Section 4a illustrated how difficult is the problem of inferring BSDs using acoustic inversion in a pipe when the data are simulated (and so covers the full frequency range without gaps). Real measurements produce less idealized coverage, and hence the problems of using it in an inversion are greater. The original design for this system commissioned transducers (that would wet when immersed in mercury, but not react with it) covering the 1 kHz–1 MHz frequency range, but this was no longer affordable after the 2008 global financial crash. Therefore, the current exercise was conducted to see if the affordable bandwidth was worth purchasing. Figure 5 shows the measurements of phase speed and the attenuation of the ET1 (triangles), ET2 (squares) and ET3 (asterisks) modes taken in the bubbly water-filled PMMA pipe. The theoretical dispersion curves under the BSD in figure 3 (black solid curve) are calculated from the theory of Baik et al. (2010) and plotted for comparison as solid curves. Although all three modes produce theoretical curves across the frequency range studied, in practice certain modes are observed preferentially in particular frequency ranges for the reasons discussed by Baik et al. (2010). It should be noted that although the pipe used here is the same as that used in Baik et al. (2010), the frequency ranges over which modes are observed change because figure 5 is for bubbly water whereas Baik et al. (2010) made measurements in bubble-free water. The ET1 mode is only observed above the frequency of k1a∼3.5. Below that frequency, the ET2 mode is observed instead. The ET2 mode is again observed above k1a∼6.5. The ET3 mode is observed below this frequency and its phase speed becomes infinite when the acoustic excitation is close to the cut-off frequency of the ET3 mode. Compared with the agreement seen in the ET2 and ET3 measurements, the phase speed of the ET1 modes in figure 5a was measured to be generally less than the theoretical prediction.
Figure 5b shows the measurement of the attenuation of the modes, using the same symbol notation as for figure 5a. As discussed by Baik et al. (2010), the attenuation obtained from Prony's method is sensitive to the sampling range along the axis of the tube (where the z1 and z2 locations of hydrophone along the tube axis represent the start and endpoints of the sampling). The error bars represent ±1s.d. in the mean of results obtained by taking different sampling ranges for |z2−z1| from 0.3 to 1.3 m in 1 cm increments. Although error bars are also plotted in figure 5a, those are very small and mostly extend inside the markers (Baik et al. 2010). Although at first sight, the experimental data appear to follow the theoretical predictions, validating the theory, the degree of validation must be tempered by the large size of the error bars, as was predicted by Baik et al. (2010). In reality, the large error bars imply that all that can conclusively be stated is that the data do not contradict the theory proposed in this study.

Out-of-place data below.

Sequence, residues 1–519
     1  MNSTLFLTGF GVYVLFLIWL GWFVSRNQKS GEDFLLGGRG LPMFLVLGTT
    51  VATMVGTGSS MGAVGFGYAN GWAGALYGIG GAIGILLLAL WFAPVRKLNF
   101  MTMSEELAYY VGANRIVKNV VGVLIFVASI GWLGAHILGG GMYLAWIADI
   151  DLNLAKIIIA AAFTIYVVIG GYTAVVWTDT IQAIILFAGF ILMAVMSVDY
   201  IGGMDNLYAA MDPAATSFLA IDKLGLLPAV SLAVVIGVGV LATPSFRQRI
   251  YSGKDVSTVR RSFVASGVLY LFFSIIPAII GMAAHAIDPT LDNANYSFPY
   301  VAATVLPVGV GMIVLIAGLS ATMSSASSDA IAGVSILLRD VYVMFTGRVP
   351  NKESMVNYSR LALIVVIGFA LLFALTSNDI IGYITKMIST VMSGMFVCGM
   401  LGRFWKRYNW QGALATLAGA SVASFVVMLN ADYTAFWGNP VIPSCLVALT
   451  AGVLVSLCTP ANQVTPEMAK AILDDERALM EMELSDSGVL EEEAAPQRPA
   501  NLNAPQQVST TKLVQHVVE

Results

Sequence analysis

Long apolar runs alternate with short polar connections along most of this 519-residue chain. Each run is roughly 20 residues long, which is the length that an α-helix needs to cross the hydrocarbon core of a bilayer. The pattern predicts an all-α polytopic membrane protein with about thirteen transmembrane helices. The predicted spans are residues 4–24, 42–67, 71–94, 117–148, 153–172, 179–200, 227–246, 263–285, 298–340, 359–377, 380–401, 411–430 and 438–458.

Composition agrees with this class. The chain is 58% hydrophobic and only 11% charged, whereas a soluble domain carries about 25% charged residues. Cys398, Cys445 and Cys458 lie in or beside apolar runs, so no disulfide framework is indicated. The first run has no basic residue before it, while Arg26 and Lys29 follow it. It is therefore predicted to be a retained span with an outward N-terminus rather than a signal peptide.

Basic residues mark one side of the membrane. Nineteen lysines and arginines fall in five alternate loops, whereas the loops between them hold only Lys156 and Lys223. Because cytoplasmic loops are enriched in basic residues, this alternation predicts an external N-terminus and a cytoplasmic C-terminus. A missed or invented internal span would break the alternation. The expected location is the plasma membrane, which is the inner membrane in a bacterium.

Since Yψ=υψ/uψ is the quantity which is used in the inversion, attenuation associated with υψ must be neither so great that there is poor SNR, nor so small that the value of the Yψ parameter fed into the inversion has a proportionally massive uncertainty. Because of this, and because it does not have a cut-off frequency (and therefore incorporates information about the large bubbles), the ET1 mode is the most useful of those measured here for inferring the BSD. In fact, a peculiarity of the actual measurement conducted here relates to the issue mentioned above, whereby unlike the simulated data tests of the previous section, the real dataset is incomplete. The peculiar consequence here is that, in the frequency range over which signal for ET1 is detectable (3.9<k1a<6.2), its attenuation is almost identical to that which the optically measured BSD would give in an infinite body of bubbly water (figure 1). Therefore, one would not expect this ET1 data to be affected much by conversion through equation (2.9), and then to give a reasonable estimate of BSD over a limited range of bubble sizes. Figure 6a shows the converted Yψ from the average of measured Yψ (ET1 (triangles), ET2 (squares) and ET3 (asterisks)) by the process in equation (2.9). The theoretical Yψ in the infinite body of bubbly water with the measured BSD inside the pipe (black solid curve in figure 6b) is represented by solid curve. When these data in figure 6a are used in the acoustic inversion, the result is displayed using the same symbols in figure 6b. Since the measurement of the ET1 mode is only obtained in the frequency range of 3.9<k1a<6.2 (equivalent to 20.6 to 32.8 kHz), the corresponding BSD estimation spans only from approximately 100 to 150 μm radius, which are bubble sizes giving those resonance frequencies. Therefore, the BSD obtained from our measurement is limited to this bubble size range. For such small size ranges, the end-of-range errors that are known to occur with such inversions (and cause divergence of the result at the end of the range) are given undue prominence: as expected therefore, closest agreement between the optically measure BSD and that obtained from the acoustic inversion occurs in the middle of the acoustic range. In order to obtain the BSD of the other radii of the bubbles, it is necessary to measure the Yψ over a wider bandwidth. The estimated BSD obtained from the measurement of the bubbly cylinder is greater than the actual BSD by the factor of from 2 to 4. In this frequency range, the same trend is observed in figure 4b when the theoretical ET1 Yψ in bubbly cylinder was directly used in the acoustic inversion. However, as mentioned above, the theoretical ET1 Yψ in this frequency range is not far from the free field Yψ in bulk bubbly water. When the theoretical free field Yψ was used in the acoustic inversion instead, the estimated BSD is close to the actual BSD as shown by the open circles in figure 3. Therefore, the BSD in this corresponding radius range (from approx. 100 to 150 μm) is very sensitive to the Yψ in the corresponding frequency range (from 20.6 to 32.8 kHz). Consequently, a more precise measurement is required to estimate the correct BSD by the acoustic inversion. However, more precise measurements in this bubble radius range (or corresponding frequency range) do not significantly change the gas volume void fraction since the greatest contribution to the void fraction comes from the larger bubbles, the resonance frequencies of which are far below this frequency range.